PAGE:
On Wednesday, Carvana released an early loss estimate with its first quarter guidance, and shared a new debt plan which would significantly reduce its overall burden.
According to the guidance updates, the used car retailer now expects to lose $50 million to $100 million by the end of the quarter. This number is much improved over last year’s net losses, which ranged from $806 million in Q4 and $348 million in Q1. The brand is also operating with less revenue than it had in early 2022, highlighting the aggressiveness with which it has tightened budgets.
In a separate action, Carvana also revised its debt plan to more efficiently tackle its $9 billion total. Noteholders now have the option to turn in their unsecured notes for secured replacements traded at current market rates. Since the notes are backed by collateral, not only will the move give lenders more protection in the event of a default, it will also reduce the business’s interest expenses. Financial Times estimates that if all bondholders agree to make the switch, the company could reduce its debt by $1.3 billion and interest payments by $100 million.
The day the news arrived, Carvana’s $8.04 stock price shot up nearly 21% to $10.15 before stabilizing at $8.70. After peaking at $360.98 in August of 2021, the company’s shares quickly collapsed as it struggled to navigate fluctuations in used car values after automakers ramped up post-COVID production. Due to a shortage of new vehicles during the pandemic, the retailer swiftly became a preferred alternative for customers, but this support faded just as fast once inventory began to improve. Much of Carvana’s $9 billion debt originated from its decision to buy a surplus of preowned stock just before demand vanished, leaving the brand with little choice but to sell its vehicles at a loss.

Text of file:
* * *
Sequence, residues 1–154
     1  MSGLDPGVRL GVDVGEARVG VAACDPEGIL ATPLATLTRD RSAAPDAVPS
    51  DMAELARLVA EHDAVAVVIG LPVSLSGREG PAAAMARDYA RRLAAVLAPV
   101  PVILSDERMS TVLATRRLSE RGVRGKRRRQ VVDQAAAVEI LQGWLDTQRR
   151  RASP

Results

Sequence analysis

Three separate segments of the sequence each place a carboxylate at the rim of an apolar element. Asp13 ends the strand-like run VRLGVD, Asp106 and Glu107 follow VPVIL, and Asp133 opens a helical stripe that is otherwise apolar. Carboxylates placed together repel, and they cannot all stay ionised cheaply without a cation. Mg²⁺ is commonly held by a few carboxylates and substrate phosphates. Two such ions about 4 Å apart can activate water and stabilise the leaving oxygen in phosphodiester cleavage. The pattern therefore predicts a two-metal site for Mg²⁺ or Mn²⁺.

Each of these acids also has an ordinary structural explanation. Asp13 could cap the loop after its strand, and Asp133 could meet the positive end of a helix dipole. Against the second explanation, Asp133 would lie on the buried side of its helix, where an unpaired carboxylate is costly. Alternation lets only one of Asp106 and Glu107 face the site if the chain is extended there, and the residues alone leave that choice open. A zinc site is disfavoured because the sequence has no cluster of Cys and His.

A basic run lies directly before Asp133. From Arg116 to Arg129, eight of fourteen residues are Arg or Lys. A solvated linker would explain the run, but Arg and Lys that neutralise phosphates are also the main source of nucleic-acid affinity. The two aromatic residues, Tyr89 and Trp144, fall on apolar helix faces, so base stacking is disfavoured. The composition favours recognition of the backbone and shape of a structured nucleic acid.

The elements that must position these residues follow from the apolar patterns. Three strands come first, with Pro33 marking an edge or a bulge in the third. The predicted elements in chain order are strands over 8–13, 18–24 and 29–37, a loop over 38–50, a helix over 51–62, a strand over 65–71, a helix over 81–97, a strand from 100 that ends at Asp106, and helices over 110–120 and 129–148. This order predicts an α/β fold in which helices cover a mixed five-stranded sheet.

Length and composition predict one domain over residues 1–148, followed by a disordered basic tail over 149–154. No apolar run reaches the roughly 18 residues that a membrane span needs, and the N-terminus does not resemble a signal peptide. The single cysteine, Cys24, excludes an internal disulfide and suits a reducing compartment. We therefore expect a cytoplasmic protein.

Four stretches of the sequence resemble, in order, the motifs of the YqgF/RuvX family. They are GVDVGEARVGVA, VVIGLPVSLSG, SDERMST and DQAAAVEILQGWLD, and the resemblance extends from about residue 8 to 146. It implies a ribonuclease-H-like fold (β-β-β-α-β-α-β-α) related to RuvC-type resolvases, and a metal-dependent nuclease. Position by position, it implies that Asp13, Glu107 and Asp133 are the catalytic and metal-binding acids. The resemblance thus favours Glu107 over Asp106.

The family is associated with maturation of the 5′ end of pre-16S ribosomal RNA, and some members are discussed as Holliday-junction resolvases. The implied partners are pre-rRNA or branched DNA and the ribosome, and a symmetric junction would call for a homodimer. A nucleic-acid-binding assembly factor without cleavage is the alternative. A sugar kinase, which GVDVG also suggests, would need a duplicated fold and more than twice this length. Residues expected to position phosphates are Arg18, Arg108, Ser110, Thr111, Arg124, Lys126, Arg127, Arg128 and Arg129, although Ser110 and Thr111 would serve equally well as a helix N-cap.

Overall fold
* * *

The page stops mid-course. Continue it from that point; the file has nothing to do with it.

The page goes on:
The company is also facing a mounting number of legal threats towards it storefronts. The brand has been forced to restructure its operations in multiple regions after state agencies suspended or restricted its business operations for allegedly violating title and registration rules. Another problem could be developing in North Carolina, where a report claims that Carvana sold a stolen 2021 Maserati SUV worth $68,000 to an army veteran. Although the company has said it was not aware of the vehicle’s history, and has since attempted to refund the money, the victim is seeking recuperation for damages worth $1 million.